Car expenses are no joke. The cost of ownership isn’t limited to the vehicle’s price tag. You’ll have to consider other outlays like petrol, insurance, repairs, and maintenance. Because of this, it’s necessary to ensure that your car stays roadworthy to make the most of your costs. Here are several suggestions how.

Always drive with care

Maintaining your car starts with the way you drive. Wear and tear may be inevitable but by driving carefully, you can slow down its deterioration. Consider that running at 60 mph (95.56 km/h) already uses up about 73 per cent more horsepower, which means the car’s engine has to work 73 per cent harder to cruise at that speed. By easing up on the accelerator pedal, you would take better care of your car.

The term “carefully”, however, isn’t just about following the traffic rules and staying within the speed limit. It’s also about the little things like cornering at a sensible speed, using the correct gear, avoiding engine braking, driving with a lighter load, and slowing down/avoiding potholes and bumps, all of which contribute to wearing the car out more quickly.

Monitor, replenish and/or replace car fluids

Cars generally use seven different types of fluids:

  • Engine oil
  • Coolant
  • Brake fluid
  • Transmission fluid
  • Power steering fluid
  • Battery fluid
  • Windshield wiper fluid

Each of these fluids needs to be replaced after a certain duration or driving a certain distance. The engine oil, for instance, usually has to be changed every six months or 5,000 miles. Likewise, the transmission fluid typically needs to be flushed every two years or 30,000 miles, whichever comes first. The distance or duration, however, may change depending on the vehicle. Check your owner’s manual to find out how often you need to replace your car’s fluids.

Take note that each fluid also has a recommended level that you need to maintain. If the level goes down, you’ll have to add more to keep the car in tiptop working condition.

Wax the car to care for its paint job

Applying wax on your car can be a chore, but the benefits are worth it: car wax acts as a layer of protection against plant sap, bird droppings, and many other contaminants. This barrier also slows down oxidation, which can lead to rust. For best results, use paste wax rich with carnauba content instead of liquid or spray variants. The latter may be easier to apply, but paste wax provides a more resilient protective coating.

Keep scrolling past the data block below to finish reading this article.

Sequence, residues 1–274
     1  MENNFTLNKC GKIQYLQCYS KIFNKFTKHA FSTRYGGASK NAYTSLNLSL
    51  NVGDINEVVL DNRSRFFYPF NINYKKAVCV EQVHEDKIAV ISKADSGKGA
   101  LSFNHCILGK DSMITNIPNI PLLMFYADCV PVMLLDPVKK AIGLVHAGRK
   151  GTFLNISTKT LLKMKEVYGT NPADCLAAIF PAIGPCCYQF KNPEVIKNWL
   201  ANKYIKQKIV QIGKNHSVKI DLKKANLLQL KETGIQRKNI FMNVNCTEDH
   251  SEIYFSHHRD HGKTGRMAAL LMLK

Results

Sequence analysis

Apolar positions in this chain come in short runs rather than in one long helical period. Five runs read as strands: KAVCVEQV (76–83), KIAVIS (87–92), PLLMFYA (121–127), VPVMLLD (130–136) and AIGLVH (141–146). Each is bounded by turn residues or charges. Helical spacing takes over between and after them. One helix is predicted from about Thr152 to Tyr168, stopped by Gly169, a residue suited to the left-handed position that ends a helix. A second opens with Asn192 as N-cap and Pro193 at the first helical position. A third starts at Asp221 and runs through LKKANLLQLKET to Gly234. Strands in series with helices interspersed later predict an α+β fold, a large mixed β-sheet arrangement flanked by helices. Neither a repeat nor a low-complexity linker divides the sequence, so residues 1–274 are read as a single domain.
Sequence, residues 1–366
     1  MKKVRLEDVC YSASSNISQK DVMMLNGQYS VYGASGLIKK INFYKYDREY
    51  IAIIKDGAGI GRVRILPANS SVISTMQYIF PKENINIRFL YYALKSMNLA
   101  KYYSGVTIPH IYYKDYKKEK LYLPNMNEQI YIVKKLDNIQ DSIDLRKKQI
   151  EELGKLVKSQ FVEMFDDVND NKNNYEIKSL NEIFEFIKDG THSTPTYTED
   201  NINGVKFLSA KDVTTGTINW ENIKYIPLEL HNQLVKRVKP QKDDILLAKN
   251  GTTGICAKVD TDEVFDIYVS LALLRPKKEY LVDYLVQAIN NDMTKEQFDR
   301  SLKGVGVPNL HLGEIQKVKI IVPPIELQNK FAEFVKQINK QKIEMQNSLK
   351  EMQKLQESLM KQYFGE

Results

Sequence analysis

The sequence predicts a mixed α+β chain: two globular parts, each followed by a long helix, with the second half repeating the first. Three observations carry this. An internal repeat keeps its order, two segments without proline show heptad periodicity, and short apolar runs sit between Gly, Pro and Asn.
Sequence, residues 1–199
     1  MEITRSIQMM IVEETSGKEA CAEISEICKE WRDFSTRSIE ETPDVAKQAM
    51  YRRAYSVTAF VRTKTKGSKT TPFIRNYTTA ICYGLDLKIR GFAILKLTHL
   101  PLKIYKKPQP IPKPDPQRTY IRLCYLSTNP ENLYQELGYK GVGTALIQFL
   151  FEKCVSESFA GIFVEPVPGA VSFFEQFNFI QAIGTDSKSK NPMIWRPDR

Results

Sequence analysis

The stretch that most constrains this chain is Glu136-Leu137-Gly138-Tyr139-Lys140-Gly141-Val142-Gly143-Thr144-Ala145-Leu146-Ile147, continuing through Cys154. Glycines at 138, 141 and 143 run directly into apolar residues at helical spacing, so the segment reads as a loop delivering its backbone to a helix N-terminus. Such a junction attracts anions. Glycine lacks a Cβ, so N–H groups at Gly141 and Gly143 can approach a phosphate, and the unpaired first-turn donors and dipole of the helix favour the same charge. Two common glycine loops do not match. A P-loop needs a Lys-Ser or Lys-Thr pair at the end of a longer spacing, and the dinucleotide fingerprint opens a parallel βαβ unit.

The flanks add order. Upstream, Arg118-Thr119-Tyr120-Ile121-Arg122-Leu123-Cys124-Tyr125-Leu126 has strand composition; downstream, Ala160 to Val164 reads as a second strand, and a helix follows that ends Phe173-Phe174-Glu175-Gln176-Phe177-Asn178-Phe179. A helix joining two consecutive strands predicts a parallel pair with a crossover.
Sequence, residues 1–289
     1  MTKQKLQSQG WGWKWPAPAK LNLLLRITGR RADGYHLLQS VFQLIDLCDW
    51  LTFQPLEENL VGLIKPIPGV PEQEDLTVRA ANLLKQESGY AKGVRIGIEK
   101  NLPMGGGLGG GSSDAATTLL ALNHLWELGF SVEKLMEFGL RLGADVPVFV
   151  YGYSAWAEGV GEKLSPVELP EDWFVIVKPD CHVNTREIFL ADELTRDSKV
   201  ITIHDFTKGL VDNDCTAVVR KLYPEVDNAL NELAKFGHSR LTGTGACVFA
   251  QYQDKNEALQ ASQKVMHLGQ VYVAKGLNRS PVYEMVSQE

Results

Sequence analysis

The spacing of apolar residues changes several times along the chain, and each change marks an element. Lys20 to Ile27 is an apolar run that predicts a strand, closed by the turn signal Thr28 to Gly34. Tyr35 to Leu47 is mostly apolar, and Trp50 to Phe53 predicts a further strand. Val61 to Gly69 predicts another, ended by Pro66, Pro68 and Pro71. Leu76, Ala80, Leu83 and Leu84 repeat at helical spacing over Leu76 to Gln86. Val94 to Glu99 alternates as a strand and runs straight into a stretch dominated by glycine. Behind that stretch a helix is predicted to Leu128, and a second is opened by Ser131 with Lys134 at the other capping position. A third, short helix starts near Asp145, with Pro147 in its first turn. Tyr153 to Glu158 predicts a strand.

Keep the tyres inflated properly

It’s imperative that you maintain the proper amount of air pressure in your tyres. This would several aspects of your car’s performance such as handling, fuel consumption, and how quickly its tyres wear out. To make the most of your your tyres, check the pressure with a tire pressure gauge every week to see if your tyres need more air. For a more precise reading, measure the pressure while the tyres are cold. Be sure you check the owner’s manual to see its recommended tyre pressure.

If the tyres are low on pressure, you can either fill it up with a portable air compressor or pay a visit to your local petrol station. That being said, it would be smart to invest in your own portable compressor, which can be used in a pinch.

Maintain the battery

The battery’s label may say “maintenance-free”, but these sealed variants still require upkeep. If you don’t take care of it, then don’t expect your car to stay roadworthy very long. You’ll have to do the following to keep the battery in good working condition:

  • Using a slightly damp cloth, clean the battery regularly. Take note that a dirty battery housing may actually cause the current to deplete. If the damp cloth doesn’t seem to be enough, use a gentle detergent.